Mode: Virtual

Date: Sunday, July 10

8:00–9:00 Intro and Keynote
12:00–13:00 Mentorship Lunch
17:00–18:00 Panel and Goodbye

Accepted Contributions

Modeling Framing in Immigration Discourse on Social Media
Julia Mendelsohn, Ceren Budak, and David Jurgens

The framing of political issues can influence policy and public opinion. Even though the public plays a key role in creating and spreading frames, little is known about how ordinary people on social media frame political issues. By creating a new dataset of immigration-related tweets labeled for multiple framing typologies from political communication theory, we develop supervised models to detect frames. We demonstrate how users’ ideology and region impact framing choices, and how a message’s framing influences audience responses. We find that the more commonly-used issue-generic frames obscure important ideological and regional patterns that are only revealed by immigration-specific frames. Furthermore, frames oriented towards human interests, culture, and politics are associated with higher user engagement. This large-scale analysis of a complex social and linguistic phenomenon contributes to both NLP and social science research.

Affects of Remote Learning on Academic Performance of High School Students
Garima Giri, Robert M. Scott, and Snigdha Chaturvedi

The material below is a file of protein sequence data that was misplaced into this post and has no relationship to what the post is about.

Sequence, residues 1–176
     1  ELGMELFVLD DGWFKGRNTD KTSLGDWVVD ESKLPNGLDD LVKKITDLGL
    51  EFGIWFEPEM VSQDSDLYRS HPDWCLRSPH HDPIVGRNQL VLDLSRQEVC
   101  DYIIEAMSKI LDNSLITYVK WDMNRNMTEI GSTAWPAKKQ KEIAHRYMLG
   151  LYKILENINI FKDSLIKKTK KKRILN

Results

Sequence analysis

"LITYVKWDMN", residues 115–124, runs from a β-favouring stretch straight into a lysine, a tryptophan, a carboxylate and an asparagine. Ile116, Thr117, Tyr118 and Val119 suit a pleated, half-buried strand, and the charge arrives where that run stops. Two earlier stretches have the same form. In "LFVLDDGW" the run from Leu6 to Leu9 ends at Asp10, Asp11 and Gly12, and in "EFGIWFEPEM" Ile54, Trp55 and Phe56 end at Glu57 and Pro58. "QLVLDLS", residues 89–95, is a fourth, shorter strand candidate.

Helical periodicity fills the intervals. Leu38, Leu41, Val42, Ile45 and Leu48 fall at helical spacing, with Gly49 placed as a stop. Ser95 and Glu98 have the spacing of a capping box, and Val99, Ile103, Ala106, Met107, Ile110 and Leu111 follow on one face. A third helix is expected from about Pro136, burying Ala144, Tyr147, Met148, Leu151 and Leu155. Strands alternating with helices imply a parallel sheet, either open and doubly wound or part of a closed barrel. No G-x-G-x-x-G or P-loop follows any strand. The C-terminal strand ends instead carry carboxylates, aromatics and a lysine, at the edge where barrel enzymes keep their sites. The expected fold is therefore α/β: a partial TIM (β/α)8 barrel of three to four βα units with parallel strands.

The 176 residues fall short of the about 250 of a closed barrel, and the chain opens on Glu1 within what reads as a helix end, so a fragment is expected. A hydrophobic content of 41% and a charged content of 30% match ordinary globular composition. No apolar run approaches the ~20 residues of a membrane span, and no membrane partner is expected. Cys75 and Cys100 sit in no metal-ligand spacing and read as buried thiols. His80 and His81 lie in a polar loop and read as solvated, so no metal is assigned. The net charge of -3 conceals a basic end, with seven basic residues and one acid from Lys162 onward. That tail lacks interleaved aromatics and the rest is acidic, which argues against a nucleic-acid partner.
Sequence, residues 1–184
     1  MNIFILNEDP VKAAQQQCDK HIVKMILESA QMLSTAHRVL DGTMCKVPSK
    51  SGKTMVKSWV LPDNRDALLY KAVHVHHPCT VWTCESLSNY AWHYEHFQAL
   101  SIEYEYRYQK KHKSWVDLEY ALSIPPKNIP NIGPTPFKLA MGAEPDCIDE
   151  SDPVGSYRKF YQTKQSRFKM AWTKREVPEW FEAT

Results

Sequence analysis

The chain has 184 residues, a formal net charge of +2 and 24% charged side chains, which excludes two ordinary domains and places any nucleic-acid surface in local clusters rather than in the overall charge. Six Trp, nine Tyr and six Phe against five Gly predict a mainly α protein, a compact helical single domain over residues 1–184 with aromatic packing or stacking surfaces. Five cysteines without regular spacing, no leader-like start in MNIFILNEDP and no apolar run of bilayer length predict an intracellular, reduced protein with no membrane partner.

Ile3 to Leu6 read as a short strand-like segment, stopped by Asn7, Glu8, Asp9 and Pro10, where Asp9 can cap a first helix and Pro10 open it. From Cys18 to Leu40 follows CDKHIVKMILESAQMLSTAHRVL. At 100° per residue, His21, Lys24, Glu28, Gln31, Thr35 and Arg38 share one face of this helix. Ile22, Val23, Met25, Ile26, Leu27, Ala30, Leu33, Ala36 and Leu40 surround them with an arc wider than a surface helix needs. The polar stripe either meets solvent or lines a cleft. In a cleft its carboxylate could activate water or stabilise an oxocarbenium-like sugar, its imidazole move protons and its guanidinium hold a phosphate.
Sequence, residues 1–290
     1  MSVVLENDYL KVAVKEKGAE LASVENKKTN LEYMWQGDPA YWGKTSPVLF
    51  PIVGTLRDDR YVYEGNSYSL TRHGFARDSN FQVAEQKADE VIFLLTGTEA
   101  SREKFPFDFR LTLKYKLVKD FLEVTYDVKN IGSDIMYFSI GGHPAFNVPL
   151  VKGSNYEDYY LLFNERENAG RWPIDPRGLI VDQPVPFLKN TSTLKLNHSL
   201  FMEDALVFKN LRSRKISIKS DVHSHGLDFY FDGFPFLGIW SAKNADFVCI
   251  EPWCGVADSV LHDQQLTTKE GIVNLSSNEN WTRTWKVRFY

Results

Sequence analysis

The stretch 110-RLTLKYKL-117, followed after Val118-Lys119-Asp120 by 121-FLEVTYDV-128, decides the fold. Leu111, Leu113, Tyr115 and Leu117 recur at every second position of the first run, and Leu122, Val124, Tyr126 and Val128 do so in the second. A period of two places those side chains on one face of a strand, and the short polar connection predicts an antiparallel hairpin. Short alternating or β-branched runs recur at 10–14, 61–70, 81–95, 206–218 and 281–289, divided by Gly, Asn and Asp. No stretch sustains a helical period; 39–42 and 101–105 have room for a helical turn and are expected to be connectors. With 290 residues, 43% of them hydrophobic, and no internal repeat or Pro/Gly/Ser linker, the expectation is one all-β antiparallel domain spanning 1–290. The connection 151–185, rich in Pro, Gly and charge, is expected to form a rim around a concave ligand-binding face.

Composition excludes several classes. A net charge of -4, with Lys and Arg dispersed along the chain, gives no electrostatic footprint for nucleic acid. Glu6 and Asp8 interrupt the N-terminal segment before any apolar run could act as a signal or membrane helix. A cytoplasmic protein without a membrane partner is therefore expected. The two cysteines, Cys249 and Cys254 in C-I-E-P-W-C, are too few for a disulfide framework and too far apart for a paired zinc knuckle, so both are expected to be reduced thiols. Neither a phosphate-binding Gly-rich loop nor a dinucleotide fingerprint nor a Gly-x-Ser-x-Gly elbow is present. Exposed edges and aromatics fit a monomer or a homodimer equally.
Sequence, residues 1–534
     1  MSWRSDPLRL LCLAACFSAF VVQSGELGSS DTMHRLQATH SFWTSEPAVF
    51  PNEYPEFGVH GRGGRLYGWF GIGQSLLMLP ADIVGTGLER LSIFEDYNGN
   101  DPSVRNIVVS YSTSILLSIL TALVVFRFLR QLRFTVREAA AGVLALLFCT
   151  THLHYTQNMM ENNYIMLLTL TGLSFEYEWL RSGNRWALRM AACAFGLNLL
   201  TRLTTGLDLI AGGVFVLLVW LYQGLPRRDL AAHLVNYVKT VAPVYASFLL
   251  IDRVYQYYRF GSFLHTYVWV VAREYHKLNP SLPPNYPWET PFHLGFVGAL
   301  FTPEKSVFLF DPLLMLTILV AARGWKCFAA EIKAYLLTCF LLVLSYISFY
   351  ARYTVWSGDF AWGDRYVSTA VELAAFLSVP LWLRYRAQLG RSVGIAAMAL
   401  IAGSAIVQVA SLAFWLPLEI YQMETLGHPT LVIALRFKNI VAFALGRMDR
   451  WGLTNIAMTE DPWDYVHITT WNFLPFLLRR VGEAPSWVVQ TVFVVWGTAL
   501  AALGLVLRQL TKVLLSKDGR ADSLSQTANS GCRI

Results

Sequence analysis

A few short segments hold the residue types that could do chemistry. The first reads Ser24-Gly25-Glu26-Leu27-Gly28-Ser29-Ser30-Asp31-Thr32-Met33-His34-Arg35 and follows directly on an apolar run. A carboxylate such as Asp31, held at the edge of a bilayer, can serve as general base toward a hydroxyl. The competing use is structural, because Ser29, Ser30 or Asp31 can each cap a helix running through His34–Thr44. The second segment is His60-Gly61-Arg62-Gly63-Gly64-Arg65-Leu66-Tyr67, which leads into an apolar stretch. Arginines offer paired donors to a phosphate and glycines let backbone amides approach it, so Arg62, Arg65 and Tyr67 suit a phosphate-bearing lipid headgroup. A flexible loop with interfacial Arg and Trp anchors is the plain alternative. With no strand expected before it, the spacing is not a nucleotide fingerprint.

The ongoing COVID-19 pandemic has resulted in prolonged school closures. Remote learning has since been a new endeavor for both students and instructors to undertake. This has resulted in personal and academic challenges for students nationwide, including increased stress levels and poorer mental health outcomes. In this project, we focus on identifying factors predictive of change in academic performance of high school students caused by the pandemic. We also predict students’ relative academic performance based on self-reported data. For collecting self-reported data, we conducted a survey to explore mental health issues and pandemic’s influence on academic achievement among high school students, aged 13 to 19 years old, in diverse neighborhoods in the mid-Atlantic region. This study’s most notable findings illustrate the correspondence between a student’s overall mental health and academic achievement during the COVID-19 pandemic. Academic institutions considering remote learning could use this research to gain a better understanding of how remote learning impacts academic performance of students and to implement resources to better support students.